Wednesday, February 15, 2012
Gay Civil Rights and Chick-fil-A
It seems there's a problem with Chick-fil-A now. Evidently, they've allegedly contributed money to groups that don't support same sex marriage...and groups allegedly considered anti-gay. I don't know anything about Chick-fil-A. I've never been to one, so I can't comment on the product.
But I'm in the minority here. I've had e-mails from friends locally who want to disassociate themselves and all local community events from Chick-fil-A. I've read other e-mails that take this to a national level.
If you read this article here, about the situation, it's amazing how slanted it is on one direction.
Protests like the one aimed at Chick-fil-A are partly or even mostly attempts to exhibit the power of the protesters. That aim has nothing to do with winning the argument—is gay marriage a good social policy or a mistaken one?—and everything to do with controlling the narrative. Only those who agree with the protesters are granted a legitimate voice hereafter. Roar loud enough and you may intimidate the target, but that’s of less importance than pumping up excitement among followers and creating a secondary wave of self-censorship among others who correctly surmise that it is dangerous to disagree.
This makes little sense to me. Is this person saying people are dumb and can't form their own opinions? The objective of protesting is, indeed, to gain power in numbers and to obtain a louder voice. Without protests, and groups protesting in large numbers, there wouldn't be a glimmer of a chance to change things. As far as I know, no one in the LGBT community is telling anyone they have to agree. No one in the LGBT community is telling people how they should think. What I'm seeing and hearing is that those in the LGBT community and those who support same sex marriage simply aren't going to support a corporation that supports organizations who are openly against same sex marriage. This is the risk any high profile business runs when it decides to support something that's highly charged with politics and emotion.
In this article there's more information, based on facts, and lists of anti-gay organizations that Chick-fil-A has supported.
Chick-Fil-A's Employment Practices Are Hostile Towards "Sinful" Candidates. Chick-fil-A requires potential franchise operators to disclose their marital status, number of dependents, and involvement in social, church, and other organizations. Employees may be fired for engaging in "sinful" behavior, and Truett Cathy has said he aims to hire workers who are married.
And then here's the controversy that sparked a lot of what's been happening locally in the past few days.
In January, a local Chick-fil-A restaurant in Pennsylvania donated food to the group Family Life to put on an event called the "The Art of Marriage: Getting to the Heart of God's Design." Both Chick-fil-A and co-sponsor Pennsylvania Family Institute (PFI) were originally listed as sponsors of the "Art Of Marriage" event, although Chick-fil-A scrubbed its name from the event's advertisements after the controversy began. Both PFI and Family life are virulently anti-gay. [New York Times,2/14/11; Joe. My. God., 1/4/11]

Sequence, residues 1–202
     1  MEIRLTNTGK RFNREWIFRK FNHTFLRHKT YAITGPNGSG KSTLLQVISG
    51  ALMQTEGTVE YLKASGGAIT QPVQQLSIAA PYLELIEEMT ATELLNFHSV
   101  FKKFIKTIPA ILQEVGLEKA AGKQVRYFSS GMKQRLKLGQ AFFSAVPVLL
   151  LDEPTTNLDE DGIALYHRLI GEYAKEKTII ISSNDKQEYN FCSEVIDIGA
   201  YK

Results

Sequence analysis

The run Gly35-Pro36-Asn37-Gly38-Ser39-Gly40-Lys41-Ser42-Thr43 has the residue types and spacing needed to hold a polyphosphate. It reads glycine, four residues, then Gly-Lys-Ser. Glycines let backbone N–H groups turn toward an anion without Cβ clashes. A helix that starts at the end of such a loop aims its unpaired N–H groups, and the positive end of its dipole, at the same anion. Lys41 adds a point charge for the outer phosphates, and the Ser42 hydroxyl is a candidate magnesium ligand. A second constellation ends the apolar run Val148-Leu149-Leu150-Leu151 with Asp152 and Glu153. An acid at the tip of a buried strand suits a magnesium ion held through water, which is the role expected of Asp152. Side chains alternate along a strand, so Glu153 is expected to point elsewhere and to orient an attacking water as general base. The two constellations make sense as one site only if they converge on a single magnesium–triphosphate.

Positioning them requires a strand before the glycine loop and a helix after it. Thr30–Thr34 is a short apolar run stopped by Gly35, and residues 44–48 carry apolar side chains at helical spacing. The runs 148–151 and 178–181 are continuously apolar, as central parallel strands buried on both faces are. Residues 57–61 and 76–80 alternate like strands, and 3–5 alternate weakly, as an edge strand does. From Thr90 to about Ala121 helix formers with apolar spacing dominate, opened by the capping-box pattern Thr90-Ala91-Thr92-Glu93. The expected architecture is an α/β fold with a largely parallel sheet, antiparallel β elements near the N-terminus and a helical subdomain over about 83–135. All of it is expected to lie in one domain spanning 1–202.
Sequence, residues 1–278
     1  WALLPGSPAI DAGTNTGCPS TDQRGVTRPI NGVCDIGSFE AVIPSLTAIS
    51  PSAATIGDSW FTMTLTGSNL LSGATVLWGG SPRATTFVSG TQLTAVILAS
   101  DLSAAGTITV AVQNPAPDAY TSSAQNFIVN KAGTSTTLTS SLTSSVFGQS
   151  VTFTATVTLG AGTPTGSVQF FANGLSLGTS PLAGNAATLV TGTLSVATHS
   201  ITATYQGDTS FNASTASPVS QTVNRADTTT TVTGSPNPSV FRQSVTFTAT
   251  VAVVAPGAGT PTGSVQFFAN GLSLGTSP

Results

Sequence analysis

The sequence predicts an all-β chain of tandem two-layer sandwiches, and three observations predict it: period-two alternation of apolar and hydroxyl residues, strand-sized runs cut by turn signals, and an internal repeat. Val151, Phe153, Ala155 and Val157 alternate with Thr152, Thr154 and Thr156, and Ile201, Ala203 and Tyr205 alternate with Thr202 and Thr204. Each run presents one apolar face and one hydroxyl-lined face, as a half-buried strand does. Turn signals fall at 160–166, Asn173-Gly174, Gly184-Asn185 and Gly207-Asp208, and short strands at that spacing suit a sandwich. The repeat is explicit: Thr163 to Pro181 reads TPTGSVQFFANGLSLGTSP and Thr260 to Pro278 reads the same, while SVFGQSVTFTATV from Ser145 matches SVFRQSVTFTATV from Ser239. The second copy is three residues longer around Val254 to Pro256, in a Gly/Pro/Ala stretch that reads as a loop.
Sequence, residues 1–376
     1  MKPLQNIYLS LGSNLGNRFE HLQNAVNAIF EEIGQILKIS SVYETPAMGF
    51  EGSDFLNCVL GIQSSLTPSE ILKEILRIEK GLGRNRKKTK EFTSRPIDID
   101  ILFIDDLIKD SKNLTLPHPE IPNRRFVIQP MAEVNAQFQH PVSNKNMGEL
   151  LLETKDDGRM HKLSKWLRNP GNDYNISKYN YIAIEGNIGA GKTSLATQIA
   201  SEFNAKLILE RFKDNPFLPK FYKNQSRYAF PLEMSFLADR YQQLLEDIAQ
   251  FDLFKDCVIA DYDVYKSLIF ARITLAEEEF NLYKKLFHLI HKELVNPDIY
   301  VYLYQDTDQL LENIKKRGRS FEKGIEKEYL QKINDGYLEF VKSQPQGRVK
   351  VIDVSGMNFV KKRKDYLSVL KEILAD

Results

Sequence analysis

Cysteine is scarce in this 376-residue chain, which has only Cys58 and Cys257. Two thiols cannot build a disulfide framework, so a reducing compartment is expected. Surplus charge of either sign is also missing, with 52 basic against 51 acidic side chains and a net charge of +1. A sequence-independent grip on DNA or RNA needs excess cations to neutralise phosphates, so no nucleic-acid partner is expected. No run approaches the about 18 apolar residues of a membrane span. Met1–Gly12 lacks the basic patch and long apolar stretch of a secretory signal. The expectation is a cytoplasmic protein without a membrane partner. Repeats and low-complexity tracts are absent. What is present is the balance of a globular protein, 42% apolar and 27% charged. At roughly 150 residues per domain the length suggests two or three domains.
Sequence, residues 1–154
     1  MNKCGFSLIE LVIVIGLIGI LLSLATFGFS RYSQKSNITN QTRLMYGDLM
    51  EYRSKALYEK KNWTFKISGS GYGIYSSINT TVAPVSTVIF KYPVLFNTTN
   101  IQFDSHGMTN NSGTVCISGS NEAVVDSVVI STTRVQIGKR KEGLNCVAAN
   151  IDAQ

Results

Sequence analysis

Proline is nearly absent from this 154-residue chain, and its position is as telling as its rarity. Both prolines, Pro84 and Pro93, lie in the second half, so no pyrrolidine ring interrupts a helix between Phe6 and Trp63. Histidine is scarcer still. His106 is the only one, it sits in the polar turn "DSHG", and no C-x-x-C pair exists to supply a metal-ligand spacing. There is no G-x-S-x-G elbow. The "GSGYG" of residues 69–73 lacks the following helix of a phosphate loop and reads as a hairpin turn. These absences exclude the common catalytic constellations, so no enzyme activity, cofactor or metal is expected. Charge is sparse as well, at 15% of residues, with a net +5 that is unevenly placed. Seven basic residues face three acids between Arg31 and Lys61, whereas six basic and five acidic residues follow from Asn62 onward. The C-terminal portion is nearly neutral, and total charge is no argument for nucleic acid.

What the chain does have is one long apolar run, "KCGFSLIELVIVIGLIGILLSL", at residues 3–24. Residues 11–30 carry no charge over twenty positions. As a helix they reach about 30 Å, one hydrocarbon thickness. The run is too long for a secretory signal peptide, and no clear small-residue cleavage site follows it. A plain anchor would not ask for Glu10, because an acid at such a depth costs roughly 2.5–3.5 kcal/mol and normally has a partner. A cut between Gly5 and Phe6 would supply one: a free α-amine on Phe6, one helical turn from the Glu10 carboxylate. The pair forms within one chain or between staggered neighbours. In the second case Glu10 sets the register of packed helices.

I haven't heard anyone in the LGBT community try to stop this group. All I've heard is that anything even remotely associated with Chick-fil-A will now be boycotted by the LGBT community because of who Chick-fil-A chooses to support. That sounds fair enough to me. It's called making a qualified decision based on the information given to you. And the LGBT community shouldn't be expected to support a company that supports organizations that are outright against them.
This piece in the NYT describes the entire ordeal best. Check it out here. Some of the comments are interesting.
On the other hand, Rhonda Cline, a dental hygienist in Atlanta and a devout Christian, has only gotten more outspoken in her support. She was one of nearly a thousand people who logged onto the Chick-fil-A Facebook page to comment on the issue.
“I applaud a company that in this climate today will step out on a limb the way the Constitution allows them to,” Ms. Cline said in an interview. “This is the United States, so we should be able to practice our business the way we like.”
I couldn't agree with Ms. Cline more. I applaud her. We all have these rights. And the LGBT community has the same right to back off from anything Chick-fil-A related. The only right the LGBT community doesn't have is the ability for same sex couples to be joined in a legal union that protects them against all kinds of things that range from inheritance taxes to power of attorney.
If you want to read even more, there are tons of links out there. What I just posted is only the most basic information. All I know is that when any company in business for profit supports anything this controversial, they run the risk of losing business and they deserve what they get. And that's just a plain hard fact of life.